Behind us, you can see the Esplanade in the distance. There are several trucks parked there, unloading equipment for that evening's entertainment. Biltmore has a summer concert series, and while we were there, we got to the hear the B-52's warming up in rehearsal. They were just jamming away while we strolled in the gardens. Nice work if you can get it.
Another lady on our tour asked us to take a picture of her whole group, and she returned the favor. Here are the three of us, on top of the Copper Dome, with the roof and a tiny portion of the Esplanade behind us. We are on top of the fourth floor, and I wasn't all that comfortable leaning on just a railing, with nothing else between me and the solid, and very hard ground. That may account for why I look like I'm grinding glass between my teeth. That, or it was just flippin' hot.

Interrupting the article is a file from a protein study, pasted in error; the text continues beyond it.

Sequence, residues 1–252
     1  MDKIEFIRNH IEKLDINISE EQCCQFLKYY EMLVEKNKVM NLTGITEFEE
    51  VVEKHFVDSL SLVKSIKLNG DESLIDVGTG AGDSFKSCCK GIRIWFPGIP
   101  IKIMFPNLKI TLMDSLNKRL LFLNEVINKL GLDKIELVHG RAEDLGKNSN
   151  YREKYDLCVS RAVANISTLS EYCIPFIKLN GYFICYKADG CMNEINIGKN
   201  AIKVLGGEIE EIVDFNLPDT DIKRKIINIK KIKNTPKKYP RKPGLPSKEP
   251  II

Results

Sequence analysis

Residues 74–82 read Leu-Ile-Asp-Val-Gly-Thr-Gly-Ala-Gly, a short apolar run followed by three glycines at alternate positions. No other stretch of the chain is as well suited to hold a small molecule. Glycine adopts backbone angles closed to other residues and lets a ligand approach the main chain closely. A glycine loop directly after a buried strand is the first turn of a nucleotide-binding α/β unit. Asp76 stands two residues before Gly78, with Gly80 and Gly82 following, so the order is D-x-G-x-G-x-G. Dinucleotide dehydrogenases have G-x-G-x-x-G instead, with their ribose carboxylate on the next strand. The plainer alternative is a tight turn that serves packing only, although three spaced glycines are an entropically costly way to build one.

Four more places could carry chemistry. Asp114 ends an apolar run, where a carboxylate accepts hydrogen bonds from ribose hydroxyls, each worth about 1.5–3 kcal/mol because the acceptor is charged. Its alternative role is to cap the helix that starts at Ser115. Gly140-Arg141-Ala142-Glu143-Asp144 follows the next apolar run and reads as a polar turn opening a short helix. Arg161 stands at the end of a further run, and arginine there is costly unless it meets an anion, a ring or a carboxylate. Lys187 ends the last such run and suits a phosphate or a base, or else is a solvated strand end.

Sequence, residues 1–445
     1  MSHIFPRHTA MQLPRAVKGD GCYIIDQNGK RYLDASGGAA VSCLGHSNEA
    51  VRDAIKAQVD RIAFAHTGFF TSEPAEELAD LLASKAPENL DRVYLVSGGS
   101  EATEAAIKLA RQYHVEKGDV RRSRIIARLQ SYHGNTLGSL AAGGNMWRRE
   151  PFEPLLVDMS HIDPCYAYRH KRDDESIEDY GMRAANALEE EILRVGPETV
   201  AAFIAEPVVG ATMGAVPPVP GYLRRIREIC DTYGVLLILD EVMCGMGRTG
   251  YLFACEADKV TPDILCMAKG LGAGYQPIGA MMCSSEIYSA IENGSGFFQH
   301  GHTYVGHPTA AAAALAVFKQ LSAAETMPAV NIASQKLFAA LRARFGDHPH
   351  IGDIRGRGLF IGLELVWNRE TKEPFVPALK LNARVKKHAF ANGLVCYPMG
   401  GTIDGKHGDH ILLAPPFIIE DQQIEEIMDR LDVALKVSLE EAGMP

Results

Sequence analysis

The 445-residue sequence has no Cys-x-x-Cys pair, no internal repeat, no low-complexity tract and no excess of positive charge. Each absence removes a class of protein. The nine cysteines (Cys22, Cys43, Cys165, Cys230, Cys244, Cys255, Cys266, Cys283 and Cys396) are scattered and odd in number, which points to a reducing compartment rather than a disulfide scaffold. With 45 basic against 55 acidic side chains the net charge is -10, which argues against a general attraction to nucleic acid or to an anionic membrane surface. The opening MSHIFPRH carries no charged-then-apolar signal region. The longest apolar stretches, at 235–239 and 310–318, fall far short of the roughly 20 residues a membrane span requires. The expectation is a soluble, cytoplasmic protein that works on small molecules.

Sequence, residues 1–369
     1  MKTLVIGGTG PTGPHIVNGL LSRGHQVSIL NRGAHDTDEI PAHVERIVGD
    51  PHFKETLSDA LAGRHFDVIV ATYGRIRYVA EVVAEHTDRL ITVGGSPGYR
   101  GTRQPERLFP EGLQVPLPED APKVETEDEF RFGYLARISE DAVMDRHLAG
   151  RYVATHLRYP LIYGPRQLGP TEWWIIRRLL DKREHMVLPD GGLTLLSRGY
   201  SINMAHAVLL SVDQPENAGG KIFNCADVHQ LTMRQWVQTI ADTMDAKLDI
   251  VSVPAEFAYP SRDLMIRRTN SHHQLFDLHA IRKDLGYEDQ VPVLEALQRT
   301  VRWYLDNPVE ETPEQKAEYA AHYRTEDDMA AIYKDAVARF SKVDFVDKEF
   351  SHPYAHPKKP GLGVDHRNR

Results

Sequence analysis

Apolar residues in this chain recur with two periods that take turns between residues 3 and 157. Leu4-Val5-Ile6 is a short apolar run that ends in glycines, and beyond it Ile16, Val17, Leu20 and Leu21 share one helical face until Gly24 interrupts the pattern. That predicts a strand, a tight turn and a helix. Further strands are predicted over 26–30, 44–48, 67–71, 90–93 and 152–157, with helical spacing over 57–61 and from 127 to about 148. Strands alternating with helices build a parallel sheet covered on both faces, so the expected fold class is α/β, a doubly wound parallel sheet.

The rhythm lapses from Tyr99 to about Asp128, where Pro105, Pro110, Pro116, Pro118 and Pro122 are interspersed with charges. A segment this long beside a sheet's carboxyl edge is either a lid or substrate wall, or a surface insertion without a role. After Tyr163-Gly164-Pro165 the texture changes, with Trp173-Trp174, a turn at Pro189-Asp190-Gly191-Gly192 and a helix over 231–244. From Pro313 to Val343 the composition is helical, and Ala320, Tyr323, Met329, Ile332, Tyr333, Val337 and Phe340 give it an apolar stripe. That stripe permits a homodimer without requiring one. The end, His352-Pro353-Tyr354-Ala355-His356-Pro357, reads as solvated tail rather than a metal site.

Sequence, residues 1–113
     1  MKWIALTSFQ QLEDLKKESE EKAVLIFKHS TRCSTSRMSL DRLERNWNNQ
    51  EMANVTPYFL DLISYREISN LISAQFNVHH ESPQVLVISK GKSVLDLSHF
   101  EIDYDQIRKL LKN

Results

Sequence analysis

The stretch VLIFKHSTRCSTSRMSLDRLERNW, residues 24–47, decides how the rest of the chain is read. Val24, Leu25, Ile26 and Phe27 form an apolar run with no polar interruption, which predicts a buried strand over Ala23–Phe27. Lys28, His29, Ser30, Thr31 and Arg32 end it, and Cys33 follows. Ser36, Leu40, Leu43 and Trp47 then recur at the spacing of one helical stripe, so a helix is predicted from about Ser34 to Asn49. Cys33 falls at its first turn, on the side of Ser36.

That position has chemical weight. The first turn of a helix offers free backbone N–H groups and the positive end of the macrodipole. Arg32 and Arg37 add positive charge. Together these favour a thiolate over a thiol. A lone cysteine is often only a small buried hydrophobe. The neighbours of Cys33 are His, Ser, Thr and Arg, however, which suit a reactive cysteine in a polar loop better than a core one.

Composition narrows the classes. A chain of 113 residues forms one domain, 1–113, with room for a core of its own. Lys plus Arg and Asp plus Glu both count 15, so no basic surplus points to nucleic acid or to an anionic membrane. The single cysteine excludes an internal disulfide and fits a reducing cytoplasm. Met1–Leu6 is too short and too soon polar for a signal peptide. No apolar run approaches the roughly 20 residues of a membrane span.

By this time, we were flat worn out. We headed back to the hotel for some rest and then out to a wonderful Italian restaurant for dinner. We all fell asleep fairly early, worn out from the heat and the trudging through four acres of house. And the grounds on top of that.
We spent Sunday at all of the other places on the Estate, since the house took up nearly every second of Saturday. We awoke early on Sunday, and set out with plans to visit the Winery. We didn't bother (this is where JF would most likely point out that *I* fell down on the job here) to read the little insert given to us of what each facility's operating hours were. The Winery didn't open until noon on Sunday, due to (I assume) North Carolina's blue laws. So, we bypassed the Winery, and slogged off to the historic Horse Barn and Barnyard. In the Barnyard, we met Stanley, the fluffiest goat I've ever petted in my life. The docent there told us that he was half dwarf and half angora, and had just been weaned. Stanley proved this true by sucking on my pinkie like there was no tomorrow. He gave up when he realized that I don't produce milk out of my fingers. Sorry to disappoint. The Barnyard also had chickens; sheep; and Bert and Ernie, the Belgian draft horses. They were the largest horses I have ever been close to. They were also very gentle and sweet, and Offspring was enchanted.